Dan says he did the same thing with an Economist ad. He offered students 3 choices of Economist subscriptions: an online subscription for \$59, a print subscription for \$125, or both for \$125. Most students (84%) wanted the combo deal. Dan says, in real life, if no one is choosing an option, you would naturally remove it. So he removed the option of just a print subscription for \$125, and he tested the experiment again with only two options—a \$59 online subscription or a \$125 online and print subscription. What happened? The results flipped: most people (68%) wanted the online-only subscription. Dan says he figured that the option in the middle (\$125 for a print subscription) was only useless in that no one wanted it. But it was highly useful in giving people an anchor point in order to know how to value something. By having the option to purchase a \$125 print-only subscription, it increased the value of the \$125 print-and-online subscription. Without it, it is hard to know that the \$125 subscription is worth it. Dan then says to us, “How do you value taking your finger and flicking it across an object like this?” Dan makes the motion people make when they swipe their finger across a smart phone. “How much is it worth? \$200? \$300? How much?” We all laugh. “I mean, come on. That’s what the iPhone is, right? It’s a sophisticated toy that lets you do this?” He makes the swiping motion again.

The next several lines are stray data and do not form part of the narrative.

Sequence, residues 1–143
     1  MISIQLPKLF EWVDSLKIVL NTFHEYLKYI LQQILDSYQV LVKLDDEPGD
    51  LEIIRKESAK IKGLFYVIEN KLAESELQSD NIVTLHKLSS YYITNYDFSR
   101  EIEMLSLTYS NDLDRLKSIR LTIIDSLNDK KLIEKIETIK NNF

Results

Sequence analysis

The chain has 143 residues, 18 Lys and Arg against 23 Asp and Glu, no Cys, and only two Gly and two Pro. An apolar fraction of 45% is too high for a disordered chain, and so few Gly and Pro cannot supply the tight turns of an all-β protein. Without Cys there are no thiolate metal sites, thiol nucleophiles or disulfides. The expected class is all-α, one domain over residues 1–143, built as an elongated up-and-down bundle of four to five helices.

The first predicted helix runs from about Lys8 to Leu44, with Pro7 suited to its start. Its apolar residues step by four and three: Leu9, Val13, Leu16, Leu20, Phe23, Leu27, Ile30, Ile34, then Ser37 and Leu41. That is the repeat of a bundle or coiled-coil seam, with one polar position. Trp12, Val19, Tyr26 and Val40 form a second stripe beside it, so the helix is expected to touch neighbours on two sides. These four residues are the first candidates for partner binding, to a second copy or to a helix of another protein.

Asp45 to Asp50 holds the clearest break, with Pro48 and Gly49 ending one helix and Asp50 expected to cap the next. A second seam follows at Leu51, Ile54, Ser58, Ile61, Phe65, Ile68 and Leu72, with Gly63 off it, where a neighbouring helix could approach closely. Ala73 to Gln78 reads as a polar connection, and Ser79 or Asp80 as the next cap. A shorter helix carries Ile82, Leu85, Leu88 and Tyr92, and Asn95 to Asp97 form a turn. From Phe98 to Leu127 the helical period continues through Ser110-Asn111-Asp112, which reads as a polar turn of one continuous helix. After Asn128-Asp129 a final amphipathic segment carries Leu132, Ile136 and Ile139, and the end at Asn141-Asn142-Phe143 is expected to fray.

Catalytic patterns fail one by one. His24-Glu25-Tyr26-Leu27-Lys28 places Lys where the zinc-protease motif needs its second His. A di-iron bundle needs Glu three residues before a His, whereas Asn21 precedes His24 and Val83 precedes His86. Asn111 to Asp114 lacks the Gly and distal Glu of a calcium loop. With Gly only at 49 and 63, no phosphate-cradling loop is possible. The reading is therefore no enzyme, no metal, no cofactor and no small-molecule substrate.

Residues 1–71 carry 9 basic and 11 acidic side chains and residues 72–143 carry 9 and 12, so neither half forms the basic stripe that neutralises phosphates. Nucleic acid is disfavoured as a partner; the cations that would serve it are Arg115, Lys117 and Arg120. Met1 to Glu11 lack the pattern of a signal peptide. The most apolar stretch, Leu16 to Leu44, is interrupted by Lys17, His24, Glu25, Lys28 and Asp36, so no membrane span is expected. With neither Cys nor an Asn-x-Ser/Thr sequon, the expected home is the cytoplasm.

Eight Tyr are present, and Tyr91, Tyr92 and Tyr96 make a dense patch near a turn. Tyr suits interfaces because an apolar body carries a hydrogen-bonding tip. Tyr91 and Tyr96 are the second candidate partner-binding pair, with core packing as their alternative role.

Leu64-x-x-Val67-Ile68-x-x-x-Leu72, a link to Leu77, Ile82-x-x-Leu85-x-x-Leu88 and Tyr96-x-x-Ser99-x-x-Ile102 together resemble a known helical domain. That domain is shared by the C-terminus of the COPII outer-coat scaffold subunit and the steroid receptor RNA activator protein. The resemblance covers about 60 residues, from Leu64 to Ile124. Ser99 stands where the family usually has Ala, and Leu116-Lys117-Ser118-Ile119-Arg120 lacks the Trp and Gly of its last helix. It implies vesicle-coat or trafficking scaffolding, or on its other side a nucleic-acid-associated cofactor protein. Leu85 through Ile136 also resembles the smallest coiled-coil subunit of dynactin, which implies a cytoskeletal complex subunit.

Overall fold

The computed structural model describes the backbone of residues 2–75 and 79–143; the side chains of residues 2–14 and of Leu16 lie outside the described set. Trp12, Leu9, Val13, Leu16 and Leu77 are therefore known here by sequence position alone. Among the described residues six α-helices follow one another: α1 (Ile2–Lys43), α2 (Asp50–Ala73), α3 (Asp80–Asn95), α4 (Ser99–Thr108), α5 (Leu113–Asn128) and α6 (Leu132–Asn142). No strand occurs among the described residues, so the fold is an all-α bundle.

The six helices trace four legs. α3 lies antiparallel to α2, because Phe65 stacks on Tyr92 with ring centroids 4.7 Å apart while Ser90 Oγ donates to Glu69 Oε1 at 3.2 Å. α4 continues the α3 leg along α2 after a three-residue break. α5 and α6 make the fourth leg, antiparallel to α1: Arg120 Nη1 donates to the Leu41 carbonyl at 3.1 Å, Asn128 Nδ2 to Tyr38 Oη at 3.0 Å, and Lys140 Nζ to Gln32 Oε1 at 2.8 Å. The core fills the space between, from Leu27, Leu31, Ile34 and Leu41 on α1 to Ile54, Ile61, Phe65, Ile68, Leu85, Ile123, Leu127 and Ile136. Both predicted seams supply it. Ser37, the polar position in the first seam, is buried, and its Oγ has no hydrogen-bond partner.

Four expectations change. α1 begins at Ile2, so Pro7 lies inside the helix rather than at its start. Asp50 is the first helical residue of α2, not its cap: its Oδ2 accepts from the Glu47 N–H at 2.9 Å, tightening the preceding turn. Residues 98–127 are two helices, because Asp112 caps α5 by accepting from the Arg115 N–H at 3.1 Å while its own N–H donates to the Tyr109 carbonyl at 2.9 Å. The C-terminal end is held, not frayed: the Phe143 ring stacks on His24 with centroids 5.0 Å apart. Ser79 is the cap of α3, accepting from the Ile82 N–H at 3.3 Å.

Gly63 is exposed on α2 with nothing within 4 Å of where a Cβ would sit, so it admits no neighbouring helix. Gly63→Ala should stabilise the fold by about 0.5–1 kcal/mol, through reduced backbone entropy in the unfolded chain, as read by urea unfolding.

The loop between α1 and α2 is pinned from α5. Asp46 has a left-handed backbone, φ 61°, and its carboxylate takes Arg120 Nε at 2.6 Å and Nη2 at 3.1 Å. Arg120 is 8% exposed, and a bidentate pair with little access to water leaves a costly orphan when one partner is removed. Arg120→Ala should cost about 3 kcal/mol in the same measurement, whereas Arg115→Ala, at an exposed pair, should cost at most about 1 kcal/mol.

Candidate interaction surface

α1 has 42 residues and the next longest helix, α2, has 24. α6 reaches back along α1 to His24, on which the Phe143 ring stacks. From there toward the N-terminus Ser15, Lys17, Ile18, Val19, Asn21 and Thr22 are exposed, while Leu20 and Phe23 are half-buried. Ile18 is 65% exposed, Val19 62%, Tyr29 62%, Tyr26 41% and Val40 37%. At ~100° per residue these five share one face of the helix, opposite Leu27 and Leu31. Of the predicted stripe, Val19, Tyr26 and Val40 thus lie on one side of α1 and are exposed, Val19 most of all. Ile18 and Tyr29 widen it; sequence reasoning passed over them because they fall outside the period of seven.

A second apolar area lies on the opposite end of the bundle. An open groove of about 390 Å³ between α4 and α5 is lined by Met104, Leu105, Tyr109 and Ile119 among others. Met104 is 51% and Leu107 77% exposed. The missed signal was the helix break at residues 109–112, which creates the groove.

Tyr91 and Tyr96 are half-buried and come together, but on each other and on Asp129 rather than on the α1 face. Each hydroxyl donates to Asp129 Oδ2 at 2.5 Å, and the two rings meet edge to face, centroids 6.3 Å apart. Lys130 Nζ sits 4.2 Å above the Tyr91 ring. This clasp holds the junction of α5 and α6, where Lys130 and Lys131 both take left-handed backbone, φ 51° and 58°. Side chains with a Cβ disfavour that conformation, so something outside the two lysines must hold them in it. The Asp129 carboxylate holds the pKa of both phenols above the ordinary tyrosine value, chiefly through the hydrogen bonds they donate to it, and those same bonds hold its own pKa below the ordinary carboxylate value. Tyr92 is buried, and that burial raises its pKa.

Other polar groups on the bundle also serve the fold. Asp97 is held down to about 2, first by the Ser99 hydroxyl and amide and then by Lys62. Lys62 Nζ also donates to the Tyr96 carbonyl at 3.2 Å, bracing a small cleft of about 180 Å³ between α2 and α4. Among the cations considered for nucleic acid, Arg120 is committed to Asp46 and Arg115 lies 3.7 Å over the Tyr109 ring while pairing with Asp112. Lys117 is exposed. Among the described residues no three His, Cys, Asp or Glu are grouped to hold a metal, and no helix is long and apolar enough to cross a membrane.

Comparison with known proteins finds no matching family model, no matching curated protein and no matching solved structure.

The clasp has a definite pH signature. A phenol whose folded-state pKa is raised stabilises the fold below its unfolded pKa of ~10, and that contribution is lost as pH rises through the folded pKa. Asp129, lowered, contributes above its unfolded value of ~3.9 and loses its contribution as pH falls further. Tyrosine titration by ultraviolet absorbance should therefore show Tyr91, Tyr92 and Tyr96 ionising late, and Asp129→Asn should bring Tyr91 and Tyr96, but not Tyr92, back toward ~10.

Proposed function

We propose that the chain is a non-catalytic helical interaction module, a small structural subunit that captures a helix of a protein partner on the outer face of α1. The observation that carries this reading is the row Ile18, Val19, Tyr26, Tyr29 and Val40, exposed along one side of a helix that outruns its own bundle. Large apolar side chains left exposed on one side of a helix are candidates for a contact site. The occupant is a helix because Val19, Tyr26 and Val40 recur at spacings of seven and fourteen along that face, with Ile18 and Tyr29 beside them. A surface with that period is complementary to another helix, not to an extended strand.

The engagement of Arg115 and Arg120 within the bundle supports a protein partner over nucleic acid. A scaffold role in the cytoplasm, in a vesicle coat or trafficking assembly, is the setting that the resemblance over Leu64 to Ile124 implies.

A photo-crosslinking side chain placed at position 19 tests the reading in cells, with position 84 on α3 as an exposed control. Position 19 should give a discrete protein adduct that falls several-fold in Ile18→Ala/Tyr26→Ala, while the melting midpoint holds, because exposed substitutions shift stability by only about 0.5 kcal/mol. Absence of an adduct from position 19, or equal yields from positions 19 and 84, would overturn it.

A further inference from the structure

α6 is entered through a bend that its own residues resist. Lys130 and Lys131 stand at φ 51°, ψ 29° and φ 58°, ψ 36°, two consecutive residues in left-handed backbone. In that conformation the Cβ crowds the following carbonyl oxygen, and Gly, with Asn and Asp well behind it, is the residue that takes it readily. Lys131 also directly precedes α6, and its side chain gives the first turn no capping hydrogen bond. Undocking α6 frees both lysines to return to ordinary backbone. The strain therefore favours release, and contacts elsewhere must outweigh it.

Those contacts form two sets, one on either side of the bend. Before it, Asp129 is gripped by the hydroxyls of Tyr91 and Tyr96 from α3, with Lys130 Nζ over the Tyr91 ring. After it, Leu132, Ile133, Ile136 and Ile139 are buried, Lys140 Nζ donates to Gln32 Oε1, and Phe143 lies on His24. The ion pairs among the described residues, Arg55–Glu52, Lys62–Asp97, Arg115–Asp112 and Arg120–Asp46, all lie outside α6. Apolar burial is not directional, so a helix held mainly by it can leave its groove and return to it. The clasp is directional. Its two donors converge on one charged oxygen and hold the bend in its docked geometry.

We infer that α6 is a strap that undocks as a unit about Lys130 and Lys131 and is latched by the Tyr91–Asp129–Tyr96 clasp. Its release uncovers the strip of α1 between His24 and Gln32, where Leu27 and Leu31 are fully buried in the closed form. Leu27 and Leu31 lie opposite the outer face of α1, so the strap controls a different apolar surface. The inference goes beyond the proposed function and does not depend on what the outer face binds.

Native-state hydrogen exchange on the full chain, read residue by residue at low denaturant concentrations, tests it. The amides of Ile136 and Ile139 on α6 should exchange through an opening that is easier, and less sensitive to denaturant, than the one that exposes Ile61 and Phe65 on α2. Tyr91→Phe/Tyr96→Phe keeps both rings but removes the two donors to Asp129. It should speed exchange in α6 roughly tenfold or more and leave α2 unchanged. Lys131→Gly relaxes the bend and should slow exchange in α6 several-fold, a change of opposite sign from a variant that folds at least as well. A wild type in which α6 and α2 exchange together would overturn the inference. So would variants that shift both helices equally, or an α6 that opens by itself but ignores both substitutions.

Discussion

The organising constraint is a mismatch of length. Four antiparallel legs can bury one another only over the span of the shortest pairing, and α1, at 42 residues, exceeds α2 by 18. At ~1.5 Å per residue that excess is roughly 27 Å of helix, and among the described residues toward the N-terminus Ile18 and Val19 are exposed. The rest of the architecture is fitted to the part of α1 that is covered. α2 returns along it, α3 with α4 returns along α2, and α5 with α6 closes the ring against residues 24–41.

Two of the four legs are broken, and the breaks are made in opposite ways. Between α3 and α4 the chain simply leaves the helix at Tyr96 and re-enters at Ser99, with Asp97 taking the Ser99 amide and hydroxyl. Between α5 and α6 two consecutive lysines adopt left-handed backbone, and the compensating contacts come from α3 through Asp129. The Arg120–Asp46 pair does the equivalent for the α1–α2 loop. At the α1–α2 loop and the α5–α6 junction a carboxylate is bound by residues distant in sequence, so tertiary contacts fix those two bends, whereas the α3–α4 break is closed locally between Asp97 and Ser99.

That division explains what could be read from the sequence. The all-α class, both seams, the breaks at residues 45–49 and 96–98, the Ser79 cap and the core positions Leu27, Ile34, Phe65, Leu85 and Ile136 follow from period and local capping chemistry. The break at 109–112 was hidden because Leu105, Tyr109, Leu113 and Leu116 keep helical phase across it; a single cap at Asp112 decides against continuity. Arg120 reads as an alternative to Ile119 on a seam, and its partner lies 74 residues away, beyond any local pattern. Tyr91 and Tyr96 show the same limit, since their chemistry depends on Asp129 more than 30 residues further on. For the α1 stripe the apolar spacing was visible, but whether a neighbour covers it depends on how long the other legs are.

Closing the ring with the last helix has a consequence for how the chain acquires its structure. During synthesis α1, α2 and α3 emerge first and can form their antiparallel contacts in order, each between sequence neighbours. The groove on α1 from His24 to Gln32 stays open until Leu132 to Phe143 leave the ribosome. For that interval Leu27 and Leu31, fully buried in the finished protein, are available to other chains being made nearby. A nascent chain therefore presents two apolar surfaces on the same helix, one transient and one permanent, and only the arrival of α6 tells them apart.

He says when the IPhone was released it was priced at \$400. People had no idea if that was a good deal or a bad deal. How do you value something like that, especially something new? Then Apple immediately reduced the price to \$200. All of a sudden, sales went up because people had something to measure the \$200 iPhone against—the \$400 higher-priced iPhone. He says he’s not sure that they did this on purpose but it was a smart move.

Dan tells us of a number of other interesting research insights, but my favourite is in the realm of dating. He did an experiment where he showed a number of female university students pictures of two male students—Tom and Jerry. He asked them who would they like to go out with? Roughly half chose Tom, and half chose Jerry. He then repeated the experiment and added a person who looked similar to Tom but was slightly more ugly. Who would you like to go out with? Tom, Jerry, or Ugly Tom? A majority of people chose Tom. He did it again with a slightly more ugly version of Jerry. Who would you like to go out with? Tom, Jerry, or Ugly Jerry. Most women chose Jerry. Dan says people think they are even in completely control of their preferences regarding physical attractiveness but the environment can influence that. Of course this has natural application to real life, in general. First, if you go out bar hopping or on a pub-crawl, you know who to take—someone similar to you but slightly more ugly. Secondly, I now know why my friend Neeki (who many is very similar to me) would always take me out with him, even to the bookstore or grocery store, and walk away with 3 phone numbers. . . .I was his anchoring point.

Dan has three books, now. Predictably Irrational: The Hidden Forces That Shape Our Decisions (2008), The Upside of Irrationality:  The Unexpected Benefits of Defying Logic at Work and at Home (2010), and The (Honest) Truth About Dishonesty: How We Lie to Everyone—Especially Ourselves (2012).